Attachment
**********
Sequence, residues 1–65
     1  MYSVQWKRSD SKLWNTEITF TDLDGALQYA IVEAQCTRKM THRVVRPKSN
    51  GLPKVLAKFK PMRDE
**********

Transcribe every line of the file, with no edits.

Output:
Sequence, residues 1–65
     1  MYSVQWKRSD SKLWNTEITF TDLDGALQYA IVEAQCTRKM THRVVRPKSN
    51  GLPKVLAKFK PMRDE